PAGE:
Saturday, May 27
2 - 4 pm
Guide: Fred Gralenski
This hike will focus on the alewife (Alosa pseudoharengus), an anadromous fish that migrates up rivers about this time of year to spawn in lakes. State and federal fisheries managers are studying rivers and streams as nurseries for the Gulf of Maine. Recently the St. Croix River was opened to spawning anadromous fish after an 18 year closure.
We hope to see Bald Eagle, Osprey, and other birds feeding on migrating alewives, and although river herring don’t make spectacular leaps like salmon, they negotiate some very fast water, and their capabilities are impressive.
We will discuss the life cycle of diadromous fish, and how they can survive in both salt and fresh water; their impact (both real and imagined) on fresh water lakes, and their importance as forage for birds, mammals, and other fish. We will net a few alewives and show their interesting anatomy as plankton feeders. We will also discuss their use as nutrition for soils, lobsters and people.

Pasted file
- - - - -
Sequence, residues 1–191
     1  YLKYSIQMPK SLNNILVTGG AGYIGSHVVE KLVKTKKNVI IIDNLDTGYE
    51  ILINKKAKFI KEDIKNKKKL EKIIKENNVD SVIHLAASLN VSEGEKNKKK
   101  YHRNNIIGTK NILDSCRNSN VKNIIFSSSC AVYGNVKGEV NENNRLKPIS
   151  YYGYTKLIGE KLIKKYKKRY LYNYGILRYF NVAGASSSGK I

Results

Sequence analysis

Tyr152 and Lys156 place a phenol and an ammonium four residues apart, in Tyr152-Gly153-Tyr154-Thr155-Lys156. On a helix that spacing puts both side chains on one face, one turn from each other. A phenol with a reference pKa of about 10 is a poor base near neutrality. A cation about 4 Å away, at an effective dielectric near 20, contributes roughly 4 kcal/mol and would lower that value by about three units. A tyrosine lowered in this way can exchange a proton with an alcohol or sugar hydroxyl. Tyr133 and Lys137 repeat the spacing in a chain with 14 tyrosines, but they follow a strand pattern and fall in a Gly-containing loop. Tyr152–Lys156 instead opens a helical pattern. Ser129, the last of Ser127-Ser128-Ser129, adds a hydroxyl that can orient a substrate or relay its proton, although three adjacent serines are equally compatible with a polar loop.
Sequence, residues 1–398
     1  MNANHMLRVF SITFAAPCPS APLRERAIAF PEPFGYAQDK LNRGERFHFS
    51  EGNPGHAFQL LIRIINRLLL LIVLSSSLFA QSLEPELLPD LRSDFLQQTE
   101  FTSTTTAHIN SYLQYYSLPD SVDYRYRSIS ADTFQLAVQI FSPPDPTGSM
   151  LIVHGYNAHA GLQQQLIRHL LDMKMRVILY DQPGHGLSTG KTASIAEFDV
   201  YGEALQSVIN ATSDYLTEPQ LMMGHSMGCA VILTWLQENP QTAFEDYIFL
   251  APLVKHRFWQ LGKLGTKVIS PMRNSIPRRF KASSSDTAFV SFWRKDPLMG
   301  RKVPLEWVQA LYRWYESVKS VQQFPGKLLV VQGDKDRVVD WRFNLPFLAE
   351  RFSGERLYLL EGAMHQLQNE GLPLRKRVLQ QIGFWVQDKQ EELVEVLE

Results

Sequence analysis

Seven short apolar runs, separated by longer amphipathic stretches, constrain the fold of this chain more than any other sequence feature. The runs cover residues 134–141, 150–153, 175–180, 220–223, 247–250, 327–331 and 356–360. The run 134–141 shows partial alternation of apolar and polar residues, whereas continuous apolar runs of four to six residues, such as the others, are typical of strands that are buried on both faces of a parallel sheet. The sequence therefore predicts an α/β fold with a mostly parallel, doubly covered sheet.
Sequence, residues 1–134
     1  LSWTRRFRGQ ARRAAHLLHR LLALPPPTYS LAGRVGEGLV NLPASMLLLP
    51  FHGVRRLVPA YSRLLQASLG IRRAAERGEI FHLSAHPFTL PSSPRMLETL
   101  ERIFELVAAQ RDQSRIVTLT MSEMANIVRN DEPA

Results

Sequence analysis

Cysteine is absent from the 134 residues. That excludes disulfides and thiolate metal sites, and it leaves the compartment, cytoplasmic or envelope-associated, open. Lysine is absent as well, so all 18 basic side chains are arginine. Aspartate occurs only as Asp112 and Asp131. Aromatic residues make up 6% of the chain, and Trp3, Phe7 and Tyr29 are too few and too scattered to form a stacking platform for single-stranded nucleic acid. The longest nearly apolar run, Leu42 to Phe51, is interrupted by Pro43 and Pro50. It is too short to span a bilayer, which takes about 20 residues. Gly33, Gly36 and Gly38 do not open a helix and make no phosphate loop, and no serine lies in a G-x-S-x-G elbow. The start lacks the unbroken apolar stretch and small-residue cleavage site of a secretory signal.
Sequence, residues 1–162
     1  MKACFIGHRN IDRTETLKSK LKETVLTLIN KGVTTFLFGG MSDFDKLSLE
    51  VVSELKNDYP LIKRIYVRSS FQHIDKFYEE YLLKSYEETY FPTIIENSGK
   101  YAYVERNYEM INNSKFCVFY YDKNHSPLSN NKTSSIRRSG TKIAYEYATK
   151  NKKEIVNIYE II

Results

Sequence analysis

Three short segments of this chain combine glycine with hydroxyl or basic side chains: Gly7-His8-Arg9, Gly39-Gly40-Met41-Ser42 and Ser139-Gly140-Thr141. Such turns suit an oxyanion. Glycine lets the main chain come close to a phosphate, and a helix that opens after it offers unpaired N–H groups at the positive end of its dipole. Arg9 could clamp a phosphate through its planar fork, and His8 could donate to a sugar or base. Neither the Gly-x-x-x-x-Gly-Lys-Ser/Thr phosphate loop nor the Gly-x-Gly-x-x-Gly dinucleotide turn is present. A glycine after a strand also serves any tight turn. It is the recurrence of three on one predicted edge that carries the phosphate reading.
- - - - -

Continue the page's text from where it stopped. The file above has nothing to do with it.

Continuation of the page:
Where to start: Route 1 in Pembroke. Meet at the parking lot beside the former Crossroads Restaurant & Motel (now closed) by the falls.